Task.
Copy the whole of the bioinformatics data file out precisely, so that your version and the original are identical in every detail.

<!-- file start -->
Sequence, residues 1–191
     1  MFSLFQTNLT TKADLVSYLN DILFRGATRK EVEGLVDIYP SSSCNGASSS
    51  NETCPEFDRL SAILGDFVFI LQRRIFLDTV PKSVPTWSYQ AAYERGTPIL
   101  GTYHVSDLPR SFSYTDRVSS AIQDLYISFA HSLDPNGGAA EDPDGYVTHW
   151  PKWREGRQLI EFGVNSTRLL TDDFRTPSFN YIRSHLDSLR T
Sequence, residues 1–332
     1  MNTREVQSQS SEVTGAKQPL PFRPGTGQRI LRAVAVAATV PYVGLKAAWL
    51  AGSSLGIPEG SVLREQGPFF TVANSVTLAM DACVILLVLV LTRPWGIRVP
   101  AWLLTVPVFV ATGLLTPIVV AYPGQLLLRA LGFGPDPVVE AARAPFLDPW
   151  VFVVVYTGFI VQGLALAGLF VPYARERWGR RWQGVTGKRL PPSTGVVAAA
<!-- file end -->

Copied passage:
Sequence, residues 1–191
     1  MFSLFQTNLT TKADLVSYLN DILFRGATRK EVEGLVDIYP SSSCNGASSS
    51  NETCPEFDRL SAILGDFVFI LQRRIFLDTV PKSVPTWSYQ AAYERGTPIL
   101  GTYHVSDLPR SFSYTDRVSS AIQDLYISFA HSLDPNGGAA EDPDGYVTHW
   151  PKWREGRQLI EFGVNSTRLL TDDFRTPSFN YIRSHLDSLR T
Sequence, residues 1–332
     1  MNTREVQSQS SEVTGAKQPL PFRPGTGQRI LRAVAVAATV PYVGLKAAWL
    51  AGSSLGIPEG SVLREQGPFF TVANSVTLAM DACVILLVLV LTRPWGIRVP
   101  AWLLTVPVFV ATGLLTPIVV AYPGQLLLRA LGFGPDPVVE AARAPFLDPW
   151  VFVVVYTGFI VQGLALAGLF VPYARERWGR RWQGVTGKRL PPSTGVVAAA